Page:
interference

Interference of two types

Interference by wave-front and amplitude splitting.

Optics Series Lecture, Lecture – XIV, XV, XVI.

Topics covered in this lecture

A. Color of thin films

B. Newton’s rings

C. Lloyd’s mirror and

D. Phase changes during reflection

We have previously discussed what is interference and what are wave-front splitting and amplitude splitting interference. We have also discussed in much details two wave-front splitting interference viz.

a. Young’s double slit interference, here — Lecture — IX, and

b. Fresnel’s bi-prism, here —  Lecture – XI.

Today we will discuss one more wave-front splitting interference namely Lloyd’s mirror interference before moving onto the amplitude splitting interference of the Newton’s rings.

Also we will discuss two interesting and related concepts;

i. Phase change on reflection and

ii. Color of thin films

Today we will discuss one more wave-front splitting interference namely Lloyd’s mirror interference before moving onto the amplitude splitting interference of the Newton’s Rings.

Also we will discuss two interesting and related concepts;

i. Phase change on reflection and

ii. Color of thin films

Fresnel’s Bi-prism; measurement of wavelength of light

Optics Series Lecture, Lecture – XI

“Fresnel’s Bi-prism: measurement of wavelength of light by it.”

Today we will discuss another interesting interference set-up, now that we have discussed the Young’s double slit experiment, in lecture – IX.

A few words about the general mechanism behind interference.

There are two kinds of interference basically that we will be discussing in our lectures.

We discussed the Young’s DS interference pattern based on our understandings of intensity or irradiance patterns that we studied here: lecture – VII.  

Spherical harmonic waves

In our lecture — VIII, we worked out the form of plane harmonic traveling waves. Note that soon we will have to a. address the concept of wave profile and b. how to convert a wave profile into its corresponding time-dependent or traveling form.

But before we do that here is yet another general form of a traveling wave which we often meet in the physicists work-place. The traveling spherical wave fronts. Let us work out its details.

Spherical Waves
When a stone is dropped in water it sends out circular waves. Similarly a sphere or a glob of matter that oscillates inside of a water body would send out 3 – dimensional waves or ripples.

Sources of light wave, which we will study in great detail, in this course, to fulfill our insatiable hunger for understanding the nature of optical phenomena similarly send out oscillations which propagate radially and uniformly in all directions. These are the spherical waves and the points or regions that move out with equal phase are the wave fronts in this case, spherical in shape and known as spherical wave fronts.

We obviously need to describe the spherical wave fronts in spherical polar coordinate system, due to the spherical symmetry of problems of 3 – dimensional propagation of light waves.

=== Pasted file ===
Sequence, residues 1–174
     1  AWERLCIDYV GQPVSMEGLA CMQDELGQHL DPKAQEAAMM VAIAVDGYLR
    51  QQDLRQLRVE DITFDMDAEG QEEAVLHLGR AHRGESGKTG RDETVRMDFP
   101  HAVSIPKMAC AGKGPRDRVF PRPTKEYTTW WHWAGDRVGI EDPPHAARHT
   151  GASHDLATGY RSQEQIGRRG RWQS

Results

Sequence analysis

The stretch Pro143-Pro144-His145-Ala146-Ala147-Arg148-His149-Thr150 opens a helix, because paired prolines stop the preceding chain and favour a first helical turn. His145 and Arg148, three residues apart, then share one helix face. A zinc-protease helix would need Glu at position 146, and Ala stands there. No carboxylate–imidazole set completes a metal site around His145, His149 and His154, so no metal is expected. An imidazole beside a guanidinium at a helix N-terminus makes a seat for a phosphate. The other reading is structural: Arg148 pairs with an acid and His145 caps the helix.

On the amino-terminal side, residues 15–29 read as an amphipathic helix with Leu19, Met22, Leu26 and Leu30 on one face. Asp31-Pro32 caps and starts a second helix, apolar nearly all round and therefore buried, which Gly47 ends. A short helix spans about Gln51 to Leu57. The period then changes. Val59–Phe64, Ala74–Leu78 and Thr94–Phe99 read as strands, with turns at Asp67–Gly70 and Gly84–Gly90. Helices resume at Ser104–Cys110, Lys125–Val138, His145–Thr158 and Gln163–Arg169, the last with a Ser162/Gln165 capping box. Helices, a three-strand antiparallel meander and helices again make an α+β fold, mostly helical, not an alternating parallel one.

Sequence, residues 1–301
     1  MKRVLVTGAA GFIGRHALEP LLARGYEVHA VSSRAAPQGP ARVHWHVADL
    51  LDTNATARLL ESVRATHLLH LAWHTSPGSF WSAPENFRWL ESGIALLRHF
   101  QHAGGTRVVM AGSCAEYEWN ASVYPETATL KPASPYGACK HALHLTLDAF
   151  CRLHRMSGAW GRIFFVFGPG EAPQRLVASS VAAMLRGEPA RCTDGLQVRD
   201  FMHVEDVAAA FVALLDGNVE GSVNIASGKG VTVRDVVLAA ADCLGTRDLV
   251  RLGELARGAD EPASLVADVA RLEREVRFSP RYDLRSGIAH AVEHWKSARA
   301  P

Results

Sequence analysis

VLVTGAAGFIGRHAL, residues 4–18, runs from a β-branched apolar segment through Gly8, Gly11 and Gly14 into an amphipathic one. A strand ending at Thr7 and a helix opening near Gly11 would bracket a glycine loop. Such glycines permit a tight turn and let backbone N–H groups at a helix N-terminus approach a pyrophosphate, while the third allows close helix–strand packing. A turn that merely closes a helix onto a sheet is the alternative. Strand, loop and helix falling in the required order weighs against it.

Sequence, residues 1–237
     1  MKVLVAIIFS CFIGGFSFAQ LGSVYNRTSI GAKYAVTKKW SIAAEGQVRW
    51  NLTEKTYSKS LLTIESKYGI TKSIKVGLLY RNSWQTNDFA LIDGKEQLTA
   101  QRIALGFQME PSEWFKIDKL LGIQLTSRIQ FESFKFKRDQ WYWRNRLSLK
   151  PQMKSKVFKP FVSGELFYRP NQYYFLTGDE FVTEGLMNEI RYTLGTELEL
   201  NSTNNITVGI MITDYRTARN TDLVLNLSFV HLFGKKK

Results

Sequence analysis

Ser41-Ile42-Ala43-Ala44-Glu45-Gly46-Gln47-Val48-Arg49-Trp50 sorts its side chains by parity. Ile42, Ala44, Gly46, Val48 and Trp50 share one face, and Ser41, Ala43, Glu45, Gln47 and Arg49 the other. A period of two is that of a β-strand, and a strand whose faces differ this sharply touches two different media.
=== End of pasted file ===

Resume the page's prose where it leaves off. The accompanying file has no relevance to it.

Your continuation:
Let us recall that the Laplacian in spherical polar coordinate system is given as:

Interference of two plane harmonic waves

Optics Series Lecture, Lecture – VII.

“Conditions of interference, Interference of two plane harmonic waves.”

This lecture was delivered on 7th February in a lecture session of 1 and 1/2 hours. This lecture was delivered to Physics elective students but intended as a lecture towards Honors students at a later date.

Electromagnetic Waves.
Light is an electromagnetic wave. In-fact its a transverse electromagnetic wave which means the oscillation of E and B fields produces light which propagates in a direction that is perpendicular to the plane that contains the E and B fields. In other words E, B and k the vector that denotes the direction of light propagation, are mutually perpendicular vectors.

We will study these details in a later intended lecture. EM waves are not only transverse waves but also vector waves, that is; E and B are vector fields whose undulation is summarized as light.

Light is a general name for all EM waves but visible light is that particular part of EM waves which has frequency of wave such that the wavelength varies from approximately 400 – 700 nm. In vacuum — only in vacuum, light always moves at a fixed speed: namely c = 3×108 m/s. Therefore light whose wavelength lies between 400 – 700 nm is called as visible light: we can write in vacuum c = νλ.

Light as a transverse wave phenomenon of vector fields is comprehensively described by four equations known as Maxwell’s Equations. The Maxwell’s Equations are a summary of important and fundamental laws of electricity and magnetism — together called as electromagnetism, such as Gauss Law and Ampere’s Law. These equations produce the wave equation of motion, a linear, homogeneous, 2nd order differential equation that we will study a few lectures afterwards.

If you are quite serious and technically well equipped though, you can have a glimpse of it all — and may be work out to your satisfaction, by following the link to my slide-share presentations. There are many other important Physics concepts that are worked out in great detail, in those slide-share presentations by me. eg check: Electromagnetic Waves.

Let us therefore write the wave equation of motion, where the 3 components of E field — such as Ex, Ey or Ez or the 3 components of B field such as Bx, By, Bz, are denoted as ψ chosen anyone at one time. eg we can chose Ex = ψ. In general we have: